View Full Version : Screening/Privicy plants

09-09-2009, 02:08 AM
Got a lady that wants some screening plants other than leyland cypress or emerald arbs. Suggests some big nelly stevens holly's but she doesn't have the $$$ for them. Any other suggestions???

09-09-2009, 08:17 AM
Most broadleaf evergreens, like holly, are costly for large screening and are not fast growing. A lot of the needle-leaf evergreens are going to get wide at the bottom and need full sun.

The first thing that she should determine is whether or not she needs year 'round foliage because she can get a lot more bang for the buck with deciduous plants like privet for a hedge, or mixing shrubs with some good screening trees such as clump river birch if she needs high screening.

ron mexico75
09-09-2009, 08:35 AM
There are various types of Cryptomeria (Japanese Cedar) that are very nice. Similar to an arborvitae and cypress as far as usefulness as screening. Much nicer though.

Could also use English Laurel or even Bayberry which is very fast growing. Maybe Chinese Photinia which has larger leaves then the red tips and isn't susceptible to the fungus that has been killing off the red tips.

09-09-2009, 12:27 PM
try arb 'green giants' same price as lelands, doesnt get the bagworms that they do and are deer resistant ...more cone shaped and narrower than lelands but get the same ht.

09-20-2009, 10:49 PM
I have a friend in SC who has ligustrum mixed in with some tea olives as a privacy screen

09-23-2009, 07:30 PM
Waxleaf ligustrum, wax myrtle, ealiagnus, and osmanthus(tea olive) are several that I use often.
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09-23-2009, 08:24 PM
Dont wax myrtles look sortive bare in the winter?

09-23-2009, 10:27 PM
Not here in north Mississippi. Wax ligustrum and wax myrtle are two of the most vigorous growing screening plants locally. Others climates might be different , but no defoliation here.
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ron mexico75
09-28-2009, 10:48 AM
Dont wax myrtles look sortive bare in the winter?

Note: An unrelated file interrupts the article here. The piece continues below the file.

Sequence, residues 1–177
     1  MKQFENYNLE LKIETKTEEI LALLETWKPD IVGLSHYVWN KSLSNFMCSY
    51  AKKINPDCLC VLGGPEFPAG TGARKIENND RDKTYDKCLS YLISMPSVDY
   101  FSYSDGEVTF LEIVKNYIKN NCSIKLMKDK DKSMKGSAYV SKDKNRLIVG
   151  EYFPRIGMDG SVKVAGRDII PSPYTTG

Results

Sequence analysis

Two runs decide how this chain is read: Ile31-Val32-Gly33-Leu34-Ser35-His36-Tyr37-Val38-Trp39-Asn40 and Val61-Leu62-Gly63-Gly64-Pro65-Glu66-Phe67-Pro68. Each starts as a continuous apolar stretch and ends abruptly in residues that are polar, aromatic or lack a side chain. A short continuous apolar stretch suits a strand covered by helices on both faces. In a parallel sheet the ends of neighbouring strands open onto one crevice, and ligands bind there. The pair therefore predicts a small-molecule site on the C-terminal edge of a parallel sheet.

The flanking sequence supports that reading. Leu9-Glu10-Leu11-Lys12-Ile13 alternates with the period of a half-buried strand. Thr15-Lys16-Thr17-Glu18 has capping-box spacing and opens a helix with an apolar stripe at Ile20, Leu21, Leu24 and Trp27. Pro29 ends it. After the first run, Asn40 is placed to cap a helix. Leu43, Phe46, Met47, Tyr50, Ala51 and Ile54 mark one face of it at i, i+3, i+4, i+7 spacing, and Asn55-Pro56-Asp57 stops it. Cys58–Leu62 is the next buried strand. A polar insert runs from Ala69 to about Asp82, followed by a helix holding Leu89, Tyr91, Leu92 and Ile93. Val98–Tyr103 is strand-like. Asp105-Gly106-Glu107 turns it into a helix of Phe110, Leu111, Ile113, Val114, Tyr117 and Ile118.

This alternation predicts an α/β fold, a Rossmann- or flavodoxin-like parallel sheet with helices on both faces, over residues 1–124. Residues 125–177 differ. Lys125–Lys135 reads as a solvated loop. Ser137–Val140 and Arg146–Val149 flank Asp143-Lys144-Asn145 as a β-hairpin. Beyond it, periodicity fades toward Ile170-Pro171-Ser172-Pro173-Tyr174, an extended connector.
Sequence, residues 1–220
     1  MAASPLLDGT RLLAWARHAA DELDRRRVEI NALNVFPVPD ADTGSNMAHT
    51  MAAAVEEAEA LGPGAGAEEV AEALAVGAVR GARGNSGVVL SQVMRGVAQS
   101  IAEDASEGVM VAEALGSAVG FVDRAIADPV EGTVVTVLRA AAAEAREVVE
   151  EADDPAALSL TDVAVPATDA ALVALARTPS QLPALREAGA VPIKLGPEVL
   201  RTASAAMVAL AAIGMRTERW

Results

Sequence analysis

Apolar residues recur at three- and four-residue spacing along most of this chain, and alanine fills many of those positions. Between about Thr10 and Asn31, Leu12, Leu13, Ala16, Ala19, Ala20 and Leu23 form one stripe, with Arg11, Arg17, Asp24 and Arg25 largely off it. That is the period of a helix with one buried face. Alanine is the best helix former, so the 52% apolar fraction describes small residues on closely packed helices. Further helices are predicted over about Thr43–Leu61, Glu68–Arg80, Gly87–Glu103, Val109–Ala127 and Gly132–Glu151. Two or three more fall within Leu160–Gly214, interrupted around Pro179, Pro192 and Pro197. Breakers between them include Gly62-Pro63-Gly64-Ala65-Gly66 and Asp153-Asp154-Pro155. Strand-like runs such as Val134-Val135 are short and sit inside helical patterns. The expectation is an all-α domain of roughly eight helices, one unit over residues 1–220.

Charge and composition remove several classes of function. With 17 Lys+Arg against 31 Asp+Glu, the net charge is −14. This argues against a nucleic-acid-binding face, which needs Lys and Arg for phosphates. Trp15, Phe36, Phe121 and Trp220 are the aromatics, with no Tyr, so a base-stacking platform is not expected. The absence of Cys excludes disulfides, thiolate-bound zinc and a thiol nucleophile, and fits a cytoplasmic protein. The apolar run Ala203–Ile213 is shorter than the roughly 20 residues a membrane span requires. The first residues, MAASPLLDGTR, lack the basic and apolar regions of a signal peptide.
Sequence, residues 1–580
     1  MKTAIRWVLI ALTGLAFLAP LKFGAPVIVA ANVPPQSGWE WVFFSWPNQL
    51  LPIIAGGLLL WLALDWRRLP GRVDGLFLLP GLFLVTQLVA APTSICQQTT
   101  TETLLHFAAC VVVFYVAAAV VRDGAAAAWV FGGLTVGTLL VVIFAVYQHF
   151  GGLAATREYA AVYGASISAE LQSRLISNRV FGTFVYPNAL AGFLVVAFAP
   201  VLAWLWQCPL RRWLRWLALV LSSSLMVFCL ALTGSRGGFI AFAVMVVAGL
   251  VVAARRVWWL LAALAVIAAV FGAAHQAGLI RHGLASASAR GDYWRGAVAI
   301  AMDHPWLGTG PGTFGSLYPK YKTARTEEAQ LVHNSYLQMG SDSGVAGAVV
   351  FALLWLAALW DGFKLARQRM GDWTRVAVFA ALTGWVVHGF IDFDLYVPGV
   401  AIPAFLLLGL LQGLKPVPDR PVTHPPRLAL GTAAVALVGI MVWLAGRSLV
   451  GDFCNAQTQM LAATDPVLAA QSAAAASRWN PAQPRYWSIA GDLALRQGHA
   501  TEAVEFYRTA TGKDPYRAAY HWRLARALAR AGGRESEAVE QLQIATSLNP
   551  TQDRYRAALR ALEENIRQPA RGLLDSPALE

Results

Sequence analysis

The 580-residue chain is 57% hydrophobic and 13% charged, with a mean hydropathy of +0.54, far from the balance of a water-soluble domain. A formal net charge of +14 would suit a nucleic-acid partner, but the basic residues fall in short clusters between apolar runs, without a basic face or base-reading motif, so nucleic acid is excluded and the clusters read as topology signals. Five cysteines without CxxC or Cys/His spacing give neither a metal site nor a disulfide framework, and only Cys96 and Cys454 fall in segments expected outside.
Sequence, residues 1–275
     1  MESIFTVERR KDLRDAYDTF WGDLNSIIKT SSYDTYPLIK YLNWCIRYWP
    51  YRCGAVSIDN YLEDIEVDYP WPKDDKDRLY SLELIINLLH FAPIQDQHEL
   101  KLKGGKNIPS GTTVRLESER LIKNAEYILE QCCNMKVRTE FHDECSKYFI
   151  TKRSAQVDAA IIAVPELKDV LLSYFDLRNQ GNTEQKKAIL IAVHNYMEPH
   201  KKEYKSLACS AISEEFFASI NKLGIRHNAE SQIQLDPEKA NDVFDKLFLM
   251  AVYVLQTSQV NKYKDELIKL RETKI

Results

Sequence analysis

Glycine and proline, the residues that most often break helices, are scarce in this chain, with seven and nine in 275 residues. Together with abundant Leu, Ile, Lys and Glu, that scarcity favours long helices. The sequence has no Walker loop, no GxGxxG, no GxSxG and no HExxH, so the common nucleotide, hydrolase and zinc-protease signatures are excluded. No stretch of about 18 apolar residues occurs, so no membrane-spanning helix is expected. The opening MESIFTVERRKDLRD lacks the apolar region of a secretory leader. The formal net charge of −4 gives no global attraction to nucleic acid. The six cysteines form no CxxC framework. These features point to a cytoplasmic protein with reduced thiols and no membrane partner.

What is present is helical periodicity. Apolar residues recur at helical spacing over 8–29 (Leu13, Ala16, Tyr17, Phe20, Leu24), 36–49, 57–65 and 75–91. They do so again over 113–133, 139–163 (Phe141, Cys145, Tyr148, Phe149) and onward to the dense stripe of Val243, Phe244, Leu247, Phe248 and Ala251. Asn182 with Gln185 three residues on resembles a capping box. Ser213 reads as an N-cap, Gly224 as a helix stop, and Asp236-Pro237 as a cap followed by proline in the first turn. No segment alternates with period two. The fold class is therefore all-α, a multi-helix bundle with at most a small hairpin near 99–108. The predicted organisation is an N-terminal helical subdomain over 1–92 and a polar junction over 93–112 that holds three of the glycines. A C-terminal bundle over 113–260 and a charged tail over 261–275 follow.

Kind of, it depends on how far south you are. Here in VA they kind of thin out and turn a semi bronze color. Very fast growing though.

Ligustrum freaking STINKS!!!!! in the spring when it blooms, surprised nobody mentioned that.

I agree that illiagnus is a very good screening plant. Think and fast growing. It's a pain if you want it to look like it's kept though. You''ll have to be trimming it at least twice a month. If not and it's going to grow wild and have a natural look, then I would say go for it.

10-11-2009, 10:29 PM
Ligustrum has a fragrance much like a Gardenia. Smells very plesant if you ask me.
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10-14-2009, 08:09 PM
DUDE use PRIVET HEDGE.. I have it and it grows at an extremly fast rate, up to 15 feet tall. Looks just like a solid green wall.... I got mine on E bay 300 plants was like 75 bucks. they came with no dirt just the plant and roots. Stick them inthe dirt and water...... Mine started out at about 8 inches tall and are now about 2 feet. just 4 months worth.

10-14-2009, 10:58 PM
Privet defoliates in the fall almost cometely, then flushes out really thick in the spring.
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10-15-2009, 12:17 AM
try arb 'green giants' same price as lelands, doesnt get the bagworms that they do and are deer resistant ...more cone shaped and narrower than lelands but get the same ht.

Problem is these look similar to emeralds..only much crappier...and they grow REALLY tall fast.

10-15-2009, 11:50 AM
Privet is invasive but grows like crazy and easy to trim albeit frequently. Does defoliate around here.

Wax myrtle gets my vote but have used ligustrum too.

10-16-2009, 08:56 AM
Here in the north, Yankee country, I like the Burning Bush (Euonymus alata "Compactus"). It is less invasive than the Privet, which makes it more manageable, the fall color is really a stand out to whatever work you have done, and the berries add color and feed the birdies in the winter. Though, I am unaware of your seasonal change, and if it is something that would work for the south. I also like any variety of box woods.

10-16-2009, 09:00 AM
ha ha, yes burning bush too defoliates after it's fall show.
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10-17-2009, 09:09 AM
Use Phylostachys 'vivax' or 'spectabilis' . You will need a root guard for these but they grow in extremely thick, are very beautiful and best of all, down to zone 5/6 will remain evergreen. Time to get away from the "norm". Try it, you and your client won't be dissapointed.